From Ernest Scheyder in LAROSE, La.:
At a civic center here, newly appointed oil fund administrator Ken Feinberg tried to put to rest concerns that the claims process is inefficient and learn more about the region’s unique economy.
“A program like this cannot be designed and administered from Washington,” he said. “You have to come down here and take time to listen.”
The claims process will transition from BP’s control to become the new “Gulf Coast-Feinberg” program within 20 days, and soon applicants will be able to file claims online after complaints by many affected by the leak that the process is often cumbersome, requiring stacks of paperwork and several visits to claims centers.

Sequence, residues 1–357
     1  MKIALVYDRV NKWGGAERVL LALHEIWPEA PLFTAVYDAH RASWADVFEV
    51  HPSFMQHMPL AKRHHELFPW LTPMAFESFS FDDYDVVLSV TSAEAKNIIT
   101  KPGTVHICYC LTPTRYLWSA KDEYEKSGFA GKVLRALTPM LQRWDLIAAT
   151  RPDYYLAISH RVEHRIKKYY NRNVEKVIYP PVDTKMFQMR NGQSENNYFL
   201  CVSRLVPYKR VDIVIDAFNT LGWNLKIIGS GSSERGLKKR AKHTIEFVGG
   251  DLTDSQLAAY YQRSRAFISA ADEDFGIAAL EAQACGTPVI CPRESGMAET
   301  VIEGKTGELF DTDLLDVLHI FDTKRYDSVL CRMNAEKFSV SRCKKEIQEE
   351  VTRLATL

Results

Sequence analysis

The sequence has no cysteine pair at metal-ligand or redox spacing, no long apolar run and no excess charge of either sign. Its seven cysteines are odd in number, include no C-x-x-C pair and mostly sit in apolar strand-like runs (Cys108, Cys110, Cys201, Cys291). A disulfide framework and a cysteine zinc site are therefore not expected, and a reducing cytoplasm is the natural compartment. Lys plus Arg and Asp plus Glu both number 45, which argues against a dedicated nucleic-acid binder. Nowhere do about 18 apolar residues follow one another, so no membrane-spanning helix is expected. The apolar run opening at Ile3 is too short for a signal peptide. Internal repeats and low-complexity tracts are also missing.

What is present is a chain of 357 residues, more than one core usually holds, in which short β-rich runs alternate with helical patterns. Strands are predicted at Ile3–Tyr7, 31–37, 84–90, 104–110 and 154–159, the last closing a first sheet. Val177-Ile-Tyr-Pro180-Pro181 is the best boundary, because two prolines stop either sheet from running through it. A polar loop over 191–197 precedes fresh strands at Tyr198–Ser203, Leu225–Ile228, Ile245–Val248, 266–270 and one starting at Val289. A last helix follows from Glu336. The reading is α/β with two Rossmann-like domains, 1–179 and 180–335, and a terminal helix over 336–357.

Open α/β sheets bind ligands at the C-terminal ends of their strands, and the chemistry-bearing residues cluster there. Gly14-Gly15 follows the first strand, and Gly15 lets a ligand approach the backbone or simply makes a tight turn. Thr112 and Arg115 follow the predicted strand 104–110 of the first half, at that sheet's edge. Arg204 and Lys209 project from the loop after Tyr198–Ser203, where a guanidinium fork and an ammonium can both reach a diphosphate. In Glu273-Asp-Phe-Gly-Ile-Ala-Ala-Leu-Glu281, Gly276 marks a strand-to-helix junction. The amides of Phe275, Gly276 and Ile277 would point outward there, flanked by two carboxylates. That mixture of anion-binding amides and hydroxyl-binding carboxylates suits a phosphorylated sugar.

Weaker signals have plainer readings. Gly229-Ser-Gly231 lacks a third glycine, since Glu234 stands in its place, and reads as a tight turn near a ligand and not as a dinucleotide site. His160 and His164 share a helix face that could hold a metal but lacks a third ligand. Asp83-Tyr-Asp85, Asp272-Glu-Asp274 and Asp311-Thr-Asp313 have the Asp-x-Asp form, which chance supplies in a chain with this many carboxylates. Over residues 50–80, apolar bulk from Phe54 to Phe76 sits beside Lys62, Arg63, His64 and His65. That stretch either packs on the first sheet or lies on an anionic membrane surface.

While Feinberg promised to make the process more efficient, he also implored victims to not give up.
“I can’t help you if you don’t file a claim,” he said. The first step, already underway, would provide victims with cash for urgent expenses, such as food, rent and utilities. Most boat deckhands, for instance, have been receiving $2,500 a month. Accepting this first phase of money does not prevent someone from suing BP, Feinberg said.